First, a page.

The Co-ed Locker Room policy attempts to balance the social integration and camaraderie of a team sport while providing a safe and respectful environment for all of our participants. Below are some other options for compliance with USA Hockey’s Co-ed Locker Room Policy:

1) Have a minimum attire policy if sharing one locker room.

All players should be required to arrive at the rink wearing their hockey base layers or shorts and t-shirts (in good condition - no holes or tears in clothing) under their street clothes. All members of the team must have this minimum attire before entering a co-ed locker room so that no player of one gender has the opportunity to see players of the opposite gender in a state of dress/undress.

2) A second option is for the program to have boys and girls change/dress in separate, supervised locker rooms.

Then approximately ten (10) to fifteen (15) minutes before each game/practice everyone is to be ready in gear in one designated locker room so the coach can address the entire team. If a player (whether boy or girl) is not fully dressed by the time the coach arrives, then that player must go to a separate locker room or bathroom to finish dressing. The onus is on the players being properly dressed when the coaches actually begin preparing the team for the practice or game.

3) Another option is the alternate use of a single locker room.

Players of one gender dress in the locker room while players of the opposite gender wait outside. When the one group is ready, then the players switch places and the players in gear wait for players of the opposite gender to get dressed. No coaching is to be done until all the players are together in full gear. Taking turns is a means of reasonable accommodation; neither gender group should be favored, nor should one group be the group that always has to wait to change.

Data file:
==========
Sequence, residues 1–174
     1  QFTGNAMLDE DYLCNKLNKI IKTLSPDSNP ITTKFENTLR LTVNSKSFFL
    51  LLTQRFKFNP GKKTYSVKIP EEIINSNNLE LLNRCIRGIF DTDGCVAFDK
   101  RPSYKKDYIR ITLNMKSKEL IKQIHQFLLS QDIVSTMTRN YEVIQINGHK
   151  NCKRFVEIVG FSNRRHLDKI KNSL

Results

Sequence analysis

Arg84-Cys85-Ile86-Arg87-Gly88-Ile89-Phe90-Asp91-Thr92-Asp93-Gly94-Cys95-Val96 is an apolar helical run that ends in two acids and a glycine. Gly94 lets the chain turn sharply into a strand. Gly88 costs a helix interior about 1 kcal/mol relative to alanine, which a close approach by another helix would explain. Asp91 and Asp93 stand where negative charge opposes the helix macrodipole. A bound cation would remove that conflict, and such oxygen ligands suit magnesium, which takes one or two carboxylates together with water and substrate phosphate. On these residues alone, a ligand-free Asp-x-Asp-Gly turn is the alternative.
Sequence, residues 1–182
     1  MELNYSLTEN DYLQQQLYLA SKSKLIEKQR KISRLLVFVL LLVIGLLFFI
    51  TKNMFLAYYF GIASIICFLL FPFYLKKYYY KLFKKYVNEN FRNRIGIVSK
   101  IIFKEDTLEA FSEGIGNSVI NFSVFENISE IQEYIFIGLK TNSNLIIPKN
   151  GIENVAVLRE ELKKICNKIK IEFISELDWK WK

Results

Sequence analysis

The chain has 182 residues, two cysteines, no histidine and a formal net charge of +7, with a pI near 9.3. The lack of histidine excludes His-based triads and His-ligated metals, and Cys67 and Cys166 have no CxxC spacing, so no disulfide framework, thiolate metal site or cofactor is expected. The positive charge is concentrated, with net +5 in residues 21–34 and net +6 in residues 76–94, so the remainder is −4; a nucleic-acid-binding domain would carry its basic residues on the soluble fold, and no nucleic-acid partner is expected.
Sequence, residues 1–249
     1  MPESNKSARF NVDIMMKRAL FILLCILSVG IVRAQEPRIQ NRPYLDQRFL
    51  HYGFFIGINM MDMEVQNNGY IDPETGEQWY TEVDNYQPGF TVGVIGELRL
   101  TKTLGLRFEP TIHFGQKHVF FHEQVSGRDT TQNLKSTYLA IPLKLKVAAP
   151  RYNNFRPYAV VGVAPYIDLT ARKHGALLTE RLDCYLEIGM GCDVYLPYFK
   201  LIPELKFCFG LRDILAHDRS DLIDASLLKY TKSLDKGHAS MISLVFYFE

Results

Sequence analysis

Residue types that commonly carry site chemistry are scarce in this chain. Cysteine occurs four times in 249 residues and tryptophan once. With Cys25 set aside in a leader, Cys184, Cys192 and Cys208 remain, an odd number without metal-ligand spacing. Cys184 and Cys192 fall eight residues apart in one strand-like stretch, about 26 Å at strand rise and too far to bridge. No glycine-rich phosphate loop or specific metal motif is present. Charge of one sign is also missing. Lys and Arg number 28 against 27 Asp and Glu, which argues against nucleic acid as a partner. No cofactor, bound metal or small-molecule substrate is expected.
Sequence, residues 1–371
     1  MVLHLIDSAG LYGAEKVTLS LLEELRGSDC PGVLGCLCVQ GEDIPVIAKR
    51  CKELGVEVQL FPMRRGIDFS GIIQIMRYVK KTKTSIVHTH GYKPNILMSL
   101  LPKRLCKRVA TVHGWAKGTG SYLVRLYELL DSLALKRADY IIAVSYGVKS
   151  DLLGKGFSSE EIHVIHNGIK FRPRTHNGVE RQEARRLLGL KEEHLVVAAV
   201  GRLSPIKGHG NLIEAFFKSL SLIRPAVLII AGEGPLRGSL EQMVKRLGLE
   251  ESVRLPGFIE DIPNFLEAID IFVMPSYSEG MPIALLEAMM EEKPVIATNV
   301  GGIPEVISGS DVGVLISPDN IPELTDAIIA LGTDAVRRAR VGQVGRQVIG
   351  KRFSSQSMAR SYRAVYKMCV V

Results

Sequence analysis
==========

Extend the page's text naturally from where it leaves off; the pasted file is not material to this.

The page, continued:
Please note that with Co-ed programs, it is important that the person(s) monitoring the locker room is of
the same gender as the players being monitored.

USA Hockey would consider it acceptable to have one
(1) locker room monitor immediately outside the locker room and regularly checking in on the locker room. If there are two (2) monitors then they can monitor from inside the locker room. Having only one person inside a locker room can expose that person to allegations, so a second person can help protect one another from allegations.